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LAS VEGAS — TJ Dillashaw will face the biggest challenge of his life Saturday night.

The Team Alpha Male fighter steps into the Octagon at UFC 173 to face Renan Barao for the UFC bantamweight championship. He is the second Team Alpha Male athlete to face Barao; his teammate and mentor Urijah Faber has twice faced the Brazilian and lost. The stakes are high for Dillashaw as he attempts to become the first from his camp to bring a UFC championship belt back home to Sacramento, California.

Bleacher Report lead mixed martial arts writer Jeremy Botter is embedded with the challenger in Las Vegas. He’ll be providing multiple live-blog updates each day, with the intention of giving readers a glimpse into Dillashaw’s life as he endures endless fight-week obligations and puts the finishing touches on his preparations for Barao.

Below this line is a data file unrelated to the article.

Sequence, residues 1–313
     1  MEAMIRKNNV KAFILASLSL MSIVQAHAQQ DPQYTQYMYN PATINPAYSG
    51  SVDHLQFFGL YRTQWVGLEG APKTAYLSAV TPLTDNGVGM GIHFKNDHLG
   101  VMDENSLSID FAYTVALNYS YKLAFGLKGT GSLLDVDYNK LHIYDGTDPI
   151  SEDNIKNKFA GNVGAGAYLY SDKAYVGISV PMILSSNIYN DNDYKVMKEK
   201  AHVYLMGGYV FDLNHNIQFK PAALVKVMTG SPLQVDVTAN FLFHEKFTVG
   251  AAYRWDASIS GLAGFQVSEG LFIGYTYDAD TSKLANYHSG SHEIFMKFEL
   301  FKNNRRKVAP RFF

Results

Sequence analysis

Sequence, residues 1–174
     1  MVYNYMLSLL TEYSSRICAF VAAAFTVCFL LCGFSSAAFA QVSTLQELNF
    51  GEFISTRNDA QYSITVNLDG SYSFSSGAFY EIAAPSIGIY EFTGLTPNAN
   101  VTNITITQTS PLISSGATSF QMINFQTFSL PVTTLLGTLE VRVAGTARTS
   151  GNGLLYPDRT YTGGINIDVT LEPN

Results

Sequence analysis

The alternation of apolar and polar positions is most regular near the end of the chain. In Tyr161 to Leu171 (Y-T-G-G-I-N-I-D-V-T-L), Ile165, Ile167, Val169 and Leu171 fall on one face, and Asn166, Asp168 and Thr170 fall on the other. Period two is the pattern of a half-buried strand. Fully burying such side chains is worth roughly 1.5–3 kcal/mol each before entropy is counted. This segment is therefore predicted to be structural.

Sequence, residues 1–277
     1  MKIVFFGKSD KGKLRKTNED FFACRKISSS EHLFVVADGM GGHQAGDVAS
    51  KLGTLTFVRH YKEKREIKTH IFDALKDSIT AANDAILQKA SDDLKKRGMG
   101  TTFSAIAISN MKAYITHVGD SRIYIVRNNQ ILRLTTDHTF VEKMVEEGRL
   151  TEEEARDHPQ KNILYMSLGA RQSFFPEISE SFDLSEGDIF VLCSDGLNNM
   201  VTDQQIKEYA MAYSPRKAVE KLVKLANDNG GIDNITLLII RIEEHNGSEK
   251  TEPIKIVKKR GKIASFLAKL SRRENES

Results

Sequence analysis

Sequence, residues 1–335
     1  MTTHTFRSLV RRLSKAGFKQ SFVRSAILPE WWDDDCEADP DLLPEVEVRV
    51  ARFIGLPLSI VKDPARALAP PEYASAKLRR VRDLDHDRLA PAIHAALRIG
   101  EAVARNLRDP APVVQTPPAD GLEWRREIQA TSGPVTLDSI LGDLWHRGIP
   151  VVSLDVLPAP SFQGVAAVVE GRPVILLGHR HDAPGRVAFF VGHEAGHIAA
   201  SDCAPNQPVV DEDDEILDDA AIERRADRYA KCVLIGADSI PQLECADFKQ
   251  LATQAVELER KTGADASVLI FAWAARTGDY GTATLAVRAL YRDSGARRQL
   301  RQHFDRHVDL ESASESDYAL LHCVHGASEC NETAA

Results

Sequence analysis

Stay tuned to this post for updates.

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Since before he even arrived in the UFC, we’ve been spinning intricate yarns about the future of Daniel Cormier.

In a sport as wily and unpredictable as this one, we should probably know better than that by now, but Cormier has always seemed like a special case.

There is no one in the current MMA landscape who better reminds us of watching the ascendance of fighters like Georges St-Pierre, Anderson Silva andyep—Jon Jones than DC.